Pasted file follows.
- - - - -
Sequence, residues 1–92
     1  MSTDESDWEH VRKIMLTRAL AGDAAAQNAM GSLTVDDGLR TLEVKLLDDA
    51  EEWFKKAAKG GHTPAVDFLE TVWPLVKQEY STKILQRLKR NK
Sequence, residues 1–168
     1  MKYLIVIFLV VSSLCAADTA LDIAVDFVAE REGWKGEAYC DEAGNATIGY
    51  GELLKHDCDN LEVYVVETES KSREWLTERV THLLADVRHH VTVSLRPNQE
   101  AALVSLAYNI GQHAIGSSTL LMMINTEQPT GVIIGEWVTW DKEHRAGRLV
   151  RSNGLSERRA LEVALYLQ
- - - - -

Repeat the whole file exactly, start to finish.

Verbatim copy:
Sequence, residues 1–92
     1  MSTDESDWEH VRKIMLTRAL AGDAAAQNAM GSLTVDDGLR TLEVKLLDDA
    51  EEWFKKAAKG GHTPAVDFLE TVWPLVKQEY STKILQRLKR NK
Sequence, residues 1–168
     1  MKYLIVIFLV VSSLCAADTA LDIAVDFVAE REGWKGEAYC DEAGNATIGY
    51  GELLKHDCDN LEVYVVETES KSREWLTERV THLLADVRHH VTVSLRPNQE
   101  AALVSLAYNI GQHAIGSSTL LMMINTEQPT GVIIGEWVTW DKEHRAGRLV
   151  RSNGLSERRA LEVALYLQ